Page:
At the end of 2019, Baby Boomer business owners were already beginning to retire in record numbers. As with most trends, the COVID-19 pandemic accelerated the number of Baby Boomers exiting the workforce, opening the door for many small businesses to change hands.
However, data shows more than half of business owners do not have a succession plan for transitioning their business. And, most of those in the market to purchase a small business don’t have the cash-on-hand for an outright purchase – or even for a 20% down payment on an established business with a healthy value. Small Business Administration (SBA) loans can form a bridge between business buyers and sellers with an attractive financing solution for both parties.
For Business Sellers: SBA Loans vs. Seller Financing
Some business owners are willing to personally finance some or all of the purchase price of their business. This is referred to seller financing. The business buyer then makes regular payments to the seller with interest.
Though seller financing can be an appealing option, there are also drawbacks that should be considered. With seller financing, a business owner looking to exit will continue to be tied to the business for the term of the financing. If during this time, the new business owner is not successful, there is a risk the seller’s loan will not be repaid. The process of collecting on the debt will fall to the seller, who may then incur additional costs and stress.
A business owner may consider seller financing when the business has intangible assets that make the value higher than the physical assets alone. These intangible assets, referred to as “blue sky” value, are difficult to finance with a traditional loan because they are not considered collateral.
An SBA loan makes it possible to obtain a loan that isn’t fully secured by collateral because the SBA guarantee reduces the lender’s risk. This makes it possible for the seller to receive their full purchase price and transition the business to new ownership immediately.
For Business Buyers: SBA Loans for Aspiring Business Owners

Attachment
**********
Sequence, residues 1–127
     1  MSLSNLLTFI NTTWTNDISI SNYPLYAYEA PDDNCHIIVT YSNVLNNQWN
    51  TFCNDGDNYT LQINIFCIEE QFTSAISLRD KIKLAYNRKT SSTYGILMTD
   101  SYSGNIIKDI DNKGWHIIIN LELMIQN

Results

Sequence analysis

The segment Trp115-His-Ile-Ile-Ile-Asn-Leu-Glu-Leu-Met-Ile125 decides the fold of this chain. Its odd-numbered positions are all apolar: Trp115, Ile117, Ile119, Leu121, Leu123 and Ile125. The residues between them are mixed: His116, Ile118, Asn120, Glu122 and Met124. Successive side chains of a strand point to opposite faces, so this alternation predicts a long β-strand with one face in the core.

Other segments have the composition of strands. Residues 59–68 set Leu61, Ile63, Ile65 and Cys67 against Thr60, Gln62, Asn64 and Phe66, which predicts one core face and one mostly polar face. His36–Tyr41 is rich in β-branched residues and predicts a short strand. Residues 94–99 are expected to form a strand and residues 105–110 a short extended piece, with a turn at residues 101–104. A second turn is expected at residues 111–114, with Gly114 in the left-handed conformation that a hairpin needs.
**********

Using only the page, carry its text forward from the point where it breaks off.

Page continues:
Starting a business from the ground up is not an easy feat, which is why many aspiring entrepreneurs look at purchasing an existing business. The challenge becomes financing the purchase.
Funding options tend to fall into two main categories: Equity financing and debt financing. With equity financing, an investor provides funds in exchange for some ownership in the company. This means they will likely have a say in business decision-making.
Business owners that want to retain full control of their business often turn to debt financing such as a bank loan. Conventional business loans have certain requirements that may pose challenges for a business buyer, such as needing a 20% down payment or to be fully secured with collateral.
In these situations, future business owners find SBA loans to be advantageous for a few important reasons.
- The ability to finance non-tangible assets. An SBA loan doesn’t need to be fully secured with collateral because the lender receives additional protection from an SBA guarantee. This opens the door to finance the value of things like intellectual property, technology, an established customer base, and specialized equipment.
- A lower equity injection. Though the down payment requirements vary by SBA program, a borrower may not need to come to the table with a 20% down payment. The average is around 10%.
- The terms are longer. SBA loans have longer repayment terms than conventional loans, which can lower the monthly payment. This can be particularly helpful during the transition period, when a lower payment can improve cash flow.
- The ability to finance working capital. As the business transitions to new ownership, it can be helpful to have funds available to support business operations in case there are any interruptions in revenue or unplanned expenses. SBA loans allow businesses to finance working capital expenditures.
Whether you are considering the prospect of buying or selling a business, it’s always wise to understand your options. Reach out to the knowledgeable small business lending team at LSB to learn more about whether an SBA loan is the right option for you!